We’re already seeing an exponential increase in the opportunities for advanced practice registered nurses (nurse practitioners, nurse anesthetists, nurse midwives, and clinical nurse specialists) as the barriers to APRN practice are eliminated across states and the demand for health care from previously uninsured populations increases. Right now, it appears that there will be new roles for nurses in basic practice outside of the hospital walls, such as, in primary care, care coordination, hospice and palliative care, and the many innovations that will occur to help elders age in place. Public health infrastructures are crumbling throughout the country, but current crises with infectious diseases, such as Ebola, may clarify the need for a public health workforce. We may also need public health nursing expertise in new forms of health care “homes”, as organizations become seek or are forced to become accountable for the health of populations in addition to individual patients.
What are your thoughts on the high turnover rate of nurses and what steps should be taken in helping to fix it?
The graduates of nursing schools over the last few years might argue with your premise of “high turnover, as they had a hard time finding jobs during this last economic slowdown because nurses have been remaining in their positions for longer than expected. Nurses may leave jobs for 1-3 more academic degrees during their lifetime, and because most are female, there is inherent turnover due to childbearing responsibilities. Nursing offers so many career opportunities that turnover also occurs because it is the norm to acquire certain experiences early on in order to prepare for other roles later in one’s career. I wish the turnover statistics accounted for these normative, and somewhat desired, forms of turnover. But it is also true that hospitals and other organizations have not provided the kinds of support for new graduates that are necessary to provide a smooth transition to practice. Nursing desperately needs a universal residency program to reduce the turnover that occurs because new nurses are expected to “sink or swim.” Finally, turnover comes from environments that do not have the characteristics known to enhance nurse satisfaction, namely, structures that engage nurses in accountability for their practice, good physician-nurse communication and teamwork, strong front-line management, and environments free from bullying behaviors and insufficient staffing. Nurse satisfaction and patient satisfaction are highly correlated, so hospitals that attend to the quality of nursing work environments have fewer turnovers, better nurse satisfaction, and better patient satisfaction.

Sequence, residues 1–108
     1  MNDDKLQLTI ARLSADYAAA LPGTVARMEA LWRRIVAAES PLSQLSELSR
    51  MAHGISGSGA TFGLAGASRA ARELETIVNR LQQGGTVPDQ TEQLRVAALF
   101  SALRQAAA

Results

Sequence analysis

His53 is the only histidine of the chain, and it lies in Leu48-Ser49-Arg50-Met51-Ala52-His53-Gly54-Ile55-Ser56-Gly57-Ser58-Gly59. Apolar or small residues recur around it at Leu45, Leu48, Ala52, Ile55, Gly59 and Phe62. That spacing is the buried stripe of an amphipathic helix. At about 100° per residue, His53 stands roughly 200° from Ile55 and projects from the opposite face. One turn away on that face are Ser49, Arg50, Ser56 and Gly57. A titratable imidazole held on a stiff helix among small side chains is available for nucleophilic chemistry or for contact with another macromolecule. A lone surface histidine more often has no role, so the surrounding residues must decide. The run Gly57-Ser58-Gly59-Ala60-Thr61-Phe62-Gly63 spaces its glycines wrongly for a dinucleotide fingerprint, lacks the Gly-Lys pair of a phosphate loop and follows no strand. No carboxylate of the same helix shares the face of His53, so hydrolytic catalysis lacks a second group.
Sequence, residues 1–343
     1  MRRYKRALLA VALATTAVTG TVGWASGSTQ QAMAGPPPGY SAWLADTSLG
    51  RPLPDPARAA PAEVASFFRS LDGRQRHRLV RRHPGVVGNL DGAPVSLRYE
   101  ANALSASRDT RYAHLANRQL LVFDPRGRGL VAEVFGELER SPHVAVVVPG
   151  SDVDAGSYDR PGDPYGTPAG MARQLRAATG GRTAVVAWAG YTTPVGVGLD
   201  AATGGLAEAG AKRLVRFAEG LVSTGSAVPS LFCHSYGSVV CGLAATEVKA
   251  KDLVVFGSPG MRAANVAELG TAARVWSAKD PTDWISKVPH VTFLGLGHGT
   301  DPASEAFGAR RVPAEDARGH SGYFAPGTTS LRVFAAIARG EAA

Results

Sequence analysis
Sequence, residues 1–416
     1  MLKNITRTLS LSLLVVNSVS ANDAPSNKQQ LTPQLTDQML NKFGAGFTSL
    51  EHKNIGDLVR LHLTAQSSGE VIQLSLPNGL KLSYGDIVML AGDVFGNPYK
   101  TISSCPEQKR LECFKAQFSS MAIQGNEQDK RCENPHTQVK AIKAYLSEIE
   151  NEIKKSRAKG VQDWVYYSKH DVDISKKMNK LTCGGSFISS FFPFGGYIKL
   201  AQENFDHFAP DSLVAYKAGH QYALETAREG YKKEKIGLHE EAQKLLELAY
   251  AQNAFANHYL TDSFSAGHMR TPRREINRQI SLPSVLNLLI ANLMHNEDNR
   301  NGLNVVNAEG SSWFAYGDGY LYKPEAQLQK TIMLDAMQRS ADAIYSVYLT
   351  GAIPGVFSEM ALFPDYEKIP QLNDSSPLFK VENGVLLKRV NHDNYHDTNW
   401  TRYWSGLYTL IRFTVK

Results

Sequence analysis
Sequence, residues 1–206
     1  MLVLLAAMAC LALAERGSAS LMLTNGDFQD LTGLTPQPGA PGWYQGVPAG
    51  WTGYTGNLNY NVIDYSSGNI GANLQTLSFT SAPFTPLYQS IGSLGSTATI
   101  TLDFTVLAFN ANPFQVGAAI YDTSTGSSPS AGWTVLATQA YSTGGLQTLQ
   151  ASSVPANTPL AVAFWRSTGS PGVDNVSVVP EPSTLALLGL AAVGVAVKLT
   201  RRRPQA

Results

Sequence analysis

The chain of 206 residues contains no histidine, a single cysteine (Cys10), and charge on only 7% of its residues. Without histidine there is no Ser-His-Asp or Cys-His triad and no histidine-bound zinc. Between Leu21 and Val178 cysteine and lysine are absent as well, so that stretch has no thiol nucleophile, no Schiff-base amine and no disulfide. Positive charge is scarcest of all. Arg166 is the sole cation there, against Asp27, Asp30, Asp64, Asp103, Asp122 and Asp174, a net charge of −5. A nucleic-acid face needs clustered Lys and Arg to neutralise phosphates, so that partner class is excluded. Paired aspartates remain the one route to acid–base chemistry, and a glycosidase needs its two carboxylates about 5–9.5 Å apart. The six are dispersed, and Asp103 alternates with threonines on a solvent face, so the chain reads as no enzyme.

How you do you foresee the relationship between doctors, physician’s assistants, and advanced practice registered nurses changing over the next few years?
The biggest barrier to effective teamwork among these groups of providers is the disagreement between organized medicine and nursing about the roles each is prepared to play, primarily in primary care. Nurse practitioners have achieved full practice authority in 19 states, and the research base now confirms that all groups are effective primary care providers. We are beginning to see the first inter-professional programs that will bring these groups together during their training years, thus further clarifying the competencies each possesses. Once the practice acts have changed throughout the country, the public posturing between medicine and nursing will diminish, and teams of professionals will work together for the good of patients and populations, as they do now in most areas of the country.